Beyond taxation, the timing of the solution the divorcing couple chooses cannot be disengaged from the larger timeline or timelines driving the divorce or that have been established as part of the marriage settlement agreement (MSA). Especially when deadlines such as those established by the legal requirements for a 1031 exchange are concerned, integration has to happen or the outcomes can be expensive and the MSA should support and not interfere a best solution.
Vesting and Borrower Entity
Vesting of an investment property is an important consideration in divorce because it determines the ownership and control of the property. When a property is vested, it means that the ownership rights are established and cannot be changed without the agreement of all parties involved. In a divorce, the vesting of an investment property can affect the distribution of assets and the division of property.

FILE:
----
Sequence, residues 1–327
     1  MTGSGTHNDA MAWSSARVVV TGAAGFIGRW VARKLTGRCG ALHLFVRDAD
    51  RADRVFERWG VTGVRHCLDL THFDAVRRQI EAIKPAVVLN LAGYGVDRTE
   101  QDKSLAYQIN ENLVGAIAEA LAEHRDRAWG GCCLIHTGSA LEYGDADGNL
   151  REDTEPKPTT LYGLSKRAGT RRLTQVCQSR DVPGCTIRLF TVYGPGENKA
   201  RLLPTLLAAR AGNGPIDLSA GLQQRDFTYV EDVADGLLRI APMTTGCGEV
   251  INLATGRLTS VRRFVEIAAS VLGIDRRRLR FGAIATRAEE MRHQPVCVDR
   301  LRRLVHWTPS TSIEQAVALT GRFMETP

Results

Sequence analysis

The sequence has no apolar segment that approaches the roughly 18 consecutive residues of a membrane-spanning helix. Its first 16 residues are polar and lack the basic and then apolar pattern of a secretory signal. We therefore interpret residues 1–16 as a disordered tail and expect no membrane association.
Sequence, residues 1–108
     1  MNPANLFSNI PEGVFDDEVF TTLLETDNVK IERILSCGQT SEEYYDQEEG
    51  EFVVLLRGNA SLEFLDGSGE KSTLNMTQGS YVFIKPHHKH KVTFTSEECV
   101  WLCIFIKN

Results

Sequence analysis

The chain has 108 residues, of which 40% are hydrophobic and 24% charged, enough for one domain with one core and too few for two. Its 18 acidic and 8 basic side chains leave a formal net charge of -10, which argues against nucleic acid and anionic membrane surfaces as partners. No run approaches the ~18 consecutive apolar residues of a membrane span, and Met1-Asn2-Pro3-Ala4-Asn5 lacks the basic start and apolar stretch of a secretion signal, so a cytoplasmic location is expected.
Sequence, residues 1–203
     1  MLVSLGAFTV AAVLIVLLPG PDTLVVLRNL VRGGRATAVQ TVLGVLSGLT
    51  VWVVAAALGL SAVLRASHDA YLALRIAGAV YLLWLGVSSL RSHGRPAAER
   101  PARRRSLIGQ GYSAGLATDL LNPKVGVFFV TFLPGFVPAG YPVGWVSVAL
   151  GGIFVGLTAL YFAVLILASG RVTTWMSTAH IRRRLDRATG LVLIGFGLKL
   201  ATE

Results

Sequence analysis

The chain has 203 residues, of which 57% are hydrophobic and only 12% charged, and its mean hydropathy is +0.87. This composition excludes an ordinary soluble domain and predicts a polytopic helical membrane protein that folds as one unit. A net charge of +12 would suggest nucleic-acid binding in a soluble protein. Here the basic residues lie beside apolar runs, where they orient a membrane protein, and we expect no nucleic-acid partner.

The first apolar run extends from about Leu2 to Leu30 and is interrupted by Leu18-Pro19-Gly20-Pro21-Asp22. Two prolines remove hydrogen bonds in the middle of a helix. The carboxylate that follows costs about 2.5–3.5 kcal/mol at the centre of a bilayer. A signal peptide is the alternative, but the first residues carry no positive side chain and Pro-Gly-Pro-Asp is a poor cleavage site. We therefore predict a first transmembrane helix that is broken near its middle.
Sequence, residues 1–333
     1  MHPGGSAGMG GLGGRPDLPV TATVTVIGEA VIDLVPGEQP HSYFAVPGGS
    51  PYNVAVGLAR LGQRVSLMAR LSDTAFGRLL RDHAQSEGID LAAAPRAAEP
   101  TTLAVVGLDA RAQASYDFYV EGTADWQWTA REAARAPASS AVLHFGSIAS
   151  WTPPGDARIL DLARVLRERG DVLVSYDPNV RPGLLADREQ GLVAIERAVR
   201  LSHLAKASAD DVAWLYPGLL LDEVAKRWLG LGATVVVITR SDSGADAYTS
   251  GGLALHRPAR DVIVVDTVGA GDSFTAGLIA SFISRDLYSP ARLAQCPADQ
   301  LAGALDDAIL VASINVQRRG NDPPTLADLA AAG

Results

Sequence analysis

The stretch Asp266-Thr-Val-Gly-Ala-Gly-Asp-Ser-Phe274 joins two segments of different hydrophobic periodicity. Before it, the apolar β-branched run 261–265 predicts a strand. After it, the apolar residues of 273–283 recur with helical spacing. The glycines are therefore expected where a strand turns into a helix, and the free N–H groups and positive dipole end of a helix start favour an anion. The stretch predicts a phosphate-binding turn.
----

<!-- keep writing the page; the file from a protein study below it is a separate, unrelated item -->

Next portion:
If one spouse owns the property prior to the marriage, it may be considered separate property and not subject to division in the divorce. However, if the property was acquired during the marriage, it may be considered marital property and subject to division in the divorce. In this case, the vesting of the investment property can affect the distribution of assets, as the value of the property may have changed over time and may have increased or decreased in value.